Marketing for Sports Instructors - Creating A Persona

Sports Instructors – Who is your target client? 

It goes without saying that when it comes to finding a new client, the person most likely to buy from you will be a perfect fit for what you do. The question is: how do you find that person? One of the first steps to finding your perfect client is understanding who that person is. That is why we suggest you write down the attributes they have. We call this creating a persona.

Why take the time to create personas?

There used to be a school of thought that a ‘spray and pray’ approach to marketing was the way to go. This type of marketing aimed to reach as many people as possible, irrespective of who they are, with a message that applied equally no matter who received it. But nowadays, when people are increasingly targeted with marketing messages relevant to them, this approach is wasteful at the very least. To be more successful, you need to craft messages that resonate with the person you are targeting.

In order to do that, you need to understand who it is that you are targeting. Once you know some key details about the type of client you want to attract, you can develop an approach that is more likely to grab their attention. That is where personas come in to play.

Marketing for Sports Instructors - Creating Marketing Persona - Target Client

What should the personas contain

To start off with, you should think about the demographics that your ideal client has. For example:

  • Age range
  • Marital status
  • Children?
  • Education level
  • Typical occupation (including whether they are self employed, full time or part time, working in a physical occupation or not)
  • Household income

The next step is to consider how your ideal client lives. So think about:

  • What does their typical day look like? Is that the same Monday to Friday and then different at the weekend?
  • How varied are their lives – does their job involve a lot of travel or do they go to the same place every day?
  • Do they have a full time job, or do they tend to go from one contract to another?
  • Where do they spend their time physically and online? How do they spend their leisure time?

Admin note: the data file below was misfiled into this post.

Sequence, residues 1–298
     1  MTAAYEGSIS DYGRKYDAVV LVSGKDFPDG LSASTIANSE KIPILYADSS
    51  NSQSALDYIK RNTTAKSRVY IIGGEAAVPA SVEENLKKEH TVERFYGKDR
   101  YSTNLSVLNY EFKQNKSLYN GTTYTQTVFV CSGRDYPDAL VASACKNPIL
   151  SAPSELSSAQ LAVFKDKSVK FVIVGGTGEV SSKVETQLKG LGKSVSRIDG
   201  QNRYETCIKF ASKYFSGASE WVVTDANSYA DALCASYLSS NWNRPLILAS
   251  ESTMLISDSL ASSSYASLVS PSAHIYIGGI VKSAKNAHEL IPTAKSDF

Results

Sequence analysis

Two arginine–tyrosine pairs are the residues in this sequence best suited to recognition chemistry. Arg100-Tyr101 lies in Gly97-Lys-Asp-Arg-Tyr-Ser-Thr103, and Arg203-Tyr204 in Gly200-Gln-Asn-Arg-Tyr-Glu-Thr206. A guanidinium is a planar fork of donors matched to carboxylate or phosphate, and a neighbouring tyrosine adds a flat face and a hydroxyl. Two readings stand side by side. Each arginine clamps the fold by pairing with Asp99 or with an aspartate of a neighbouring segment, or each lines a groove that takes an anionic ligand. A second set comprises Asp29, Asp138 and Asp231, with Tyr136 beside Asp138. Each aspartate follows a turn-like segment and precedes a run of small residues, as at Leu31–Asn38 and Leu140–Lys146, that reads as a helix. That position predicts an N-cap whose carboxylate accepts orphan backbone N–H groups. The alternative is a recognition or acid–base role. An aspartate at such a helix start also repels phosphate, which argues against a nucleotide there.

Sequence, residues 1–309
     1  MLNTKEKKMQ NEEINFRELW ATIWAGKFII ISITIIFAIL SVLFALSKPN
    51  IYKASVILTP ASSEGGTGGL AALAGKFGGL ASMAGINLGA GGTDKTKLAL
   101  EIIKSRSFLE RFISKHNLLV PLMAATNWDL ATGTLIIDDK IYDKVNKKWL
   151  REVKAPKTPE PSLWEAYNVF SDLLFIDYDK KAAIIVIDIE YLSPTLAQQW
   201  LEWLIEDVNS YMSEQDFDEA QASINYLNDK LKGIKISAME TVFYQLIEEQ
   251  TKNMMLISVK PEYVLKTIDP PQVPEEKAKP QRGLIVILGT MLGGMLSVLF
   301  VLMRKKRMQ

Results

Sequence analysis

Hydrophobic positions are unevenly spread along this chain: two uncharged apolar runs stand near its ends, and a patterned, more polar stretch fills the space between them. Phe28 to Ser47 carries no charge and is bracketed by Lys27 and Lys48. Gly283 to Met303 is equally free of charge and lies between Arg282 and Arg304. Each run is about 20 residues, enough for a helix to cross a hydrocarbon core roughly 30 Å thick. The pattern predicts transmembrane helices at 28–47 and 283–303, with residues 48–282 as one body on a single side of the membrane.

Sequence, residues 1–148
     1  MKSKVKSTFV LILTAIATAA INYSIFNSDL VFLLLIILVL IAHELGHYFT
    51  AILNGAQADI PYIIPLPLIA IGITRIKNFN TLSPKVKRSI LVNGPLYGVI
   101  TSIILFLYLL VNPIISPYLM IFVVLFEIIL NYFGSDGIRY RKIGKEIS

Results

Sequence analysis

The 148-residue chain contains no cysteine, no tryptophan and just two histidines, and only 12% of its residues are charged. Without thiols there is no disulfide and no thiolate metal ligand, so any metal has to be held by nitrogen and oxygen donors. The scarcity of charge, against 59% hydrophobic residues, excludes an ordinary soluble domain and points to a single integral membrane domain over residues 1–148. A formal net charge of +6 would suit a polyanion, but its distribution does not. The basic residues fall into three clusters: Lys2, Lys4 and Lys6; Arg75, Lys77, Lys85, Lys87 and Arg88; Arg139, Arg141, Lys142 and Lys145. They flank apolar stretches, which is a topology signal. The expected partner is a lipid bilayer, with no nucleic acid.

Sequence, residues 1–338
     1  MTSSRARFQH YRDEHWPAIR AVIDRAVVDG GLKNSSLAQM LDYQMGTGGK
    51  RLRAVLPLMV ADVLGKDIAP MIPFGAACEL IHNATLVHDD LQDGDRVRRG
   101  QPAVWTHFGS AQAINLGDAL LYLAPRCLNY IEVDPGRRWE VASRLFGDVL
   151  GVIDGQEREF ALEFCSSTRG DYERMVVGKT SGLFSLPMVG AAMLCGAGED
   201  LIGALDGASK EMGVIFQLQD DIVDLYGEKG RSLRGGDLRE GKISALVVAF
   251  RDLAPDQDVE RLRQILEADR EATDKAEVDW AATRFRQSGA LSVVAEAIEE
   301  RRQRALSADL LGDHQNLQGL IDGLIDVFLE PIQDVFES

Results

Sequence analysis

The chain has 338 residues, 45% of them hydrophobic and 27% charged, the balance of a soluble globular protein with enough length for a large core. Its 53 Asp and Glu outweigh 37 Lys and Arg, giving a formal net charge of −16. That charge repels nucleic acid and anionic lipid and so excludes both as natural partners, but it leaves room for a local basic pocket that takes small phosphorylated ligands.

The third part of the persona should contain a few psychological characteristics of your target individual;

  • Why are they looking to work with someone like you?
  • Generally what motivates them?
  • Are they competitive or not?
  • How open are they to trying new things?
  • Are they confident? Or shy?
  • What are their biggest fears?
  • What makes them happiest?

How do you start to develop the personas?

Once you have thought about all these details, it is time to start creating your personas. This involves writing the details down in a way that someone unconnected with your business could identify your target clients simply by reading through the personas you have created.

  • Draw up a template for your different personas – you can easily do that in Word, Excel or simply with pen and paper. Just divide up the document into different sections and fill them in.
  • Think about your existing clients – certainly the ones that you love working with. What is it about this group of people that is the same? Are they all young people? Do they all happen to be highly driven entrepreneurs? Do they all display a strong competitive streak? This should give you a good starting point
  • Give your personas a name – it is important to make the personas as human as possible. You could even consider adding a photograph of what you believe that persona would look like. The richer the detail you can include the better.
  • Develop a few personas of your ideal client – three to five is a good number. This is particularly important if you have a range of courses or classes that you offer.
  • Build some flexibility into your personas, for example “Sarah is between 20 and 35 years old” or “John is a successful businessman earning between £50,000 and £100,000 per year”

One of the keys to this exercise is making the personas real enough that you can step into their shoes and see the world from their point of view. That way, when you craft your marketing messages you will have a better idea of what will appeal to those types of people.

Marketing for Sports Instructors - Creating Marketing Persona - Ideal Client

What to do with your personas

Once you have a few personas for the types of clients you want to attract, you can start to think about how to market to them. This is a subject for a different blog post (possibly several posts) but at a minimum you should use the personas to think about;

  • The type of language that will appeal to the personas you have created
  • What is likely to answer their concerns or answer their questions
  • How you can inspire and motivate them
  • Where and when your marketing messages are likely to have the biggest impact

And remember that the personas are not fixed forever. You can – and indeed should – review and revise them regularly. As your business develops you will learn more about the sorts of people you work best with and that should be reflected in the personas you target.

With that in mind, get started building your target personas today and laser focus your marketing on the right clients for your business.

About the Author Julie Freeman

Marketing @ OffPeaks. A Swiss expat to London, passionate about the mountains - hiking them, running them or biking on them. Also passionate about helping sports instructors grow their business.

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